Supplementary Reader #2 : LUSENET : M.Ed./International Falls : One Thread

Bread Givers

By Anzia Yezierska

Submitted by Jill Katrin

January 10, 1999

In the book Bread Givers, Anzia Yezierska describes her familys life as Jewish immigrants in America. This book is autobiographical in the sense that this story depicted the realistic life of Anzia Yezierska as portrayed through the characters. Yezierska is identified with the character name of Sara Smolinsky. Sara was one of four daughters in the Smolinsky family. She was also the youngest. Saras father was a Jewish rabbi who studied the Holy Torah daily. He spent most days in holy study while his wife and daughters tended to household chores and the family income. Life was full of many hardships and struggles.

Saras family lived off the neighbors contributions of food and clothing, and her mothers and sisters earnings from selling small items in the market. The Jewish community honored a wife and children who supported such a man. Poverty was looked upon as a source of pride as well as hunger and cold. For Mrs. Smolinsky, poverty meant constant work and continuous sacrifice for her husband and children. Only men were allowed to study the Torah. A womans existence was to serve her husband and father. Only through a man has a women existence. Only through a man can a woman enter Heaven, states Saras father.

Growing up for Sara and her sisters meant learning how to do household chores and working jobs to help support the family. As Saras sisters approached young adulthood, husbands were chosen for them by her father, the matchmaker. Their lovers were cast aside to make room for more so called suitable husbands. Mr. Smolinsky became known as the matchmaker of the Jewish community. He was called upon for his matchmaking advice and paid for his services. Sara describes the unhappy and dissatisfied lives her sisters all had with their planned marriages.

Sara wanted a life different from her sisters. She wanted to be more than a servant of men or an extension of her husband. She wanted the life of a free American. Sara had the courage to rebel against the Jewish beliefs and family traditions. She left her home in hope of acquiring an education. Her dream was to become a teacher. She spent six lonely years studying, working in sweatshops, and living in dark, dirty, crowded apartments. She longed hard to become educated, but at the same time she missed her family and some of the old world traditions. She had rejected family life and violated Jewish tradition to make a life of her own.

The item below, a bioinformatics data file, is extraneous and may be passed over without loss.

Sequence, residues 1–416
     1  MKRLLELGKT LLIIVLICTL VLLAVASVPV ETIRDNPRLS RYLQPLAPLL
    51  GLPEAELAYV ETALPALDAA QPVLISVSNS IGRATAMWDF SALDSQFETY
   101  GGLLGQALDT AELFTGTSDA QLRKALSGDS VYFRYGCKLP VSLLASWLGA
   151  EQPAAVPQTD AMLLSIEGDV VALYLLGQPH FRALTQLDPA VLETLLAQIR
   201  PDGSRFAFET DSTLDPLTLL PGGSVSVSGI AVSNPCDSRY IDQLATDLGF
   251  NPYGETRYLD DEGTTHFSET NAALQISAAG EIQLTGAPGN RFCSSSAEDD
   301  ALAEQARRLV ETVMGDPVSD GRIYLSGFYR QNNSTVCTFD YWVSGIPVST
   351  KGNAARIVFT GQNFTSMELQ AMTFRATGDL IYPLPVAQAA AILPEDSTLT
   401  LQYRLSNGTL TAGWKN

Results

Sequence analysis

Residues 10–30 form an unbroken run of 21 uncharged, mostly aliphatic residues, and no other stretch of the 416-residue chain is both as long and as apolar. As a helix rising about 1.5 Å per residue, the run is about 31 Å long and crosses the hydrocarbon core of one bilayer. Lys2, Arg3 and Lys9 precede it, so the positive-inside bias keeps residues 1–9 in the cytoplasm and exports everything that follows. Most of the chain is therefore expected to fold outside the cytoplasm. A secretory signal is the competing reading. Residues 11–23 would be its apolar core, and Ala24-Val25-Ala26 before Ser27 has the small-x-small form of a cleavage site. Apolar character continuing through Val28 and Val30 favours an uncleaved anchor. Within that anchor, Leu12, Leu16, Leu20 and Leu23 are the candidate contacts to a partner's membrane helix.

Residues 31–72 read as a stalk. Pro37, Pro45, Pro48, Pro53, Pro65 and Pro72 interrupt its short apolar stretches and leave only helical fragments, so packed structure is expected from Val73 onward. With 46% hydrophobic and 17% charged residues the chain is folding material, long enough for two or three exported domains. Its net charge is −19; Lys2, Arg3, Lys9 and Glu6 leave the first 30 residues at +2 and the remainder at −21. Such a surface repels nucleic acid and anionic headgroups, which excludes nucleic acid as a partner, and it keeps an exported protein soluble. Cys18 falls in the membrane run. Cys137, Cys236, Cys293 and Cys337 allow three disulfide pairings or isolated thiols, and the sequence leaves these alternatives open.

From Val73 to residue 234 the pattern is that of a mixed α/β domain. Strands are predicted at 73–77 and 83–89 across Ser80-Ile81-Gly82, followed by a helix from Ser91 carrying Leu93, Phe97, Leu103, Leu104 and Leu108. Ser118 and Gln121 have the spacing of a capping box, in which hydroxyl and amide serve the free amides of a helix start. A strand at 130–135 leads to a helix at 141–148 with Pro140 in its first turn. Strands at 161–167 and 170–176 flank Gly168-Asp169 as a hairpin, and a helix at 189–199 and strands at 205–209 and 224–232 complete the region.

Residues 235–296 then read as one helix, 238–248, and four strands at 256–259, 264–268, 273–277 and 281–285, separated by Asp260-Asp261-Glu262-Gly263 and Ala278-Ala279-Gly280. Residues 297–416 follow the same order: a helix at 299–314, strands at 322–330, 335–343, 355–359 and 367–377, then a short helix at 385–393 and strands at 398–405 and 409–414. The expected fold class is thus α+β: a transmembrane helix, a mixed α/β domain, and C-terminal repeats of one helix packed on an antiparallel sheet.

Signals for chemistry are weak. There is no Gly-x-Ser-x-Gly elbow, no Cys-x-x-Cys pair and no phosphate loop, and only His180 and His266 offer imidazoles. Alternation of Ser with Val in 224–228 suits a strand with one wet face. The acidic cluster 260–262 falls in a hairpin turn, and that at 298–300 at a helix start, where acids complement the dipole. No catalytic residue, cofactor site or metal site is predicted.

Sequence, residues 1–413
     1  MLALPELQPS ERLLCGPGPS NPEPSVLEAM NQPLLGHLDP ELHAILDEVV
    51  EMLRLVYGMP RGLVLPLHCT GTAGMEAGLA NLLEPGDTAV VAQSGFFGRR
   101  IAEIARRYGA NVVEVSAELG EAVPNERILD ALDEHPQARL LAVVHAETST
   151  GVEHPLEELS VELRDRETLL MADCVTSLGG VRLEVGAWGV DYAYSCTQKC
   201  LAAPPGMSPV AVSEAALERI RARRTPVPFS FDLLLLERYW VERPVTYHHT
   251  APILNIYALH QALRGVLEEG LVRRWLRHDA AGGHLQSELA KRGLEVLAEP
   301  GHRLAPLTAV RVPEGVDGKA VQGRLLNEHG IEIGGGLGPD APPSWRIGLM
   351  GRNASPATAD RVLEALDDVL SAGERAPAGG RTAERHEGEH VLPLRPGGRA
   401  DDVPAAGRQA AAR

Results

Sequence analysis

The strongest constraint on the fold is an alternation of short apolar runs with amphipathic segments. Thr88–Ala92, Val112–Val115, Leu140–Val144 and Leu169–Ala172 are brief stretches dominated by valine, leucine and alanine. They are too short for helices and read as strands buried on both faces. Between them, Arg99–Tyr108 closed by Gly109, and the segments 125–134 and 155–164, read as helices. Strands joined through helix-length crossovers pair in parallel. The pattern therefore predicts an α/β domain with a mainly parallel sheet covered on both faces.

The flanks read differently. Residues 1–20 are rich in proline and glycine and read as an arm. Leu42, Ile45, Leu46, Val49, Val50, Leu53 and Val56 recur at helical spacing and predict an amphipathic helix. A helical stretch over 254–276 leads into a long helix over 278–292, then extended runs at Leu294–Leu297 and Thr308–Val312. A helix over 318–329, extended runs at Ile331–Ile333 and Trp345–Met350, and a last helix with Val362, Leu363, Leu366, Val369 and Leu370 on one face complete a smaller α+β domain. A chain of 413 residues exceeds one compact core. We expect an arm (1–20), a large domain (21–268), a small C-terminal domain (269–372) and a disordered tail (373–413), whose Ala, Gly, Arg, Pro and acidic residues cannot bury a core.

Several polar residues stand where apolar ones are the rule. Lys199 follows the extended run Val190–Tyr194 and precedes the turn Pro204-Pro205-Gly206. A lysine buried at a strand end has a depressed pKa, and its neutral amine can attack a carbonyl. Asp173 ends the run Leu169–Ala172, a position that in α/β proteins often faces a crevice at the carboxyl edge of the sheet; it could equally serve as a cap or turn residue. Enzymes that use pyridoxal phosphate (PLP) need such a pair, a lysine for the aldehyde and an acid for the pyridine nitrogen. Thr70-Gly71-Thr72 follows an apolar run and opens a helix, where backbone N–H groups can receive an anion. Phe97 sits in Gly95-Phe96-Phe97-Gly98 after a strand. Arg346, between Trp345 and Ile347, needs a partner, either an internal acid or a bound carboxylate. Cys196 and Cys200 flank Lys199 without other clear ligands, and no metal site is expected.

After Sara became educated she acquired a teaching job in her old neighborhood. She had longed to give back something to the people she had left behind. She struggled daily as she was pulled by both worlds. She looked at her new life as an adventure, a chance to make something of herself. At the same time, she felt her real roots lie in the community she was trying to escape. Even in college I had not escaped from the ghetto. Here loneliness hounded me even worse than in Hester Street. Was there no escape? Will I never lift myself to be a person among people?, states Sara.

The first time she saw her mother in six years brought her deep pain. She saw pain and suffering in every feature of her mothers face. She was deeply saddened to see her mother ill after the many years she had spent away from her. She committed herself to caring for her mother every spare moment she had until she was swept away to the hands of God.

Sara dedicated the rest of her life to teaching and caring for her old world father until his death. She continued listening to his words. His constant preaching was a reminder of why she had left years ago, but she remained the dedicated daughter. She struggled daily with the choices she had made and the life she continued to live. But in my rebellious youth, I thought I could escape by running away. And now I realized that the shadow of the burden was always following me, and here I stood face to face with it again, she states. Sara realized that she would live a life of constant guilt as she longed the life of a free Americanized Jew. The book ends with Sara saying, But I felt the shadow still there, over me. It wasnt just my father, but the generations who made my father whose weight was still upon me.

I read this book for a cultural diversity class I am taking. This story helped me understand what life was like for a Jewish immigrant. Their struggles and hardships gave me an awareness of what I take for granted on a daily basis. This story intensifies the clear message of how our culture, beliefs, and family traditions help mold and shape us. We are a part of our history.

This book will help me with my professional journey of understanding how to overcome the oppression that surrounds us. I can visualize the similiarity between the teacher in charge and the dutiful students with Sara and Rabbi Smolinski. We dont want to stagnate childrens learning by being the boss teacher. We have the opportunity as educators to provide a classroom that encourages freedom of expression, creativity, decision making, problem solving, and cooperative learning. We as educators can plant seeds in our students minds to help them understand the importance of respecting and appreciating each individual for who he or she is.

-- Anonymous, January 11, 1999

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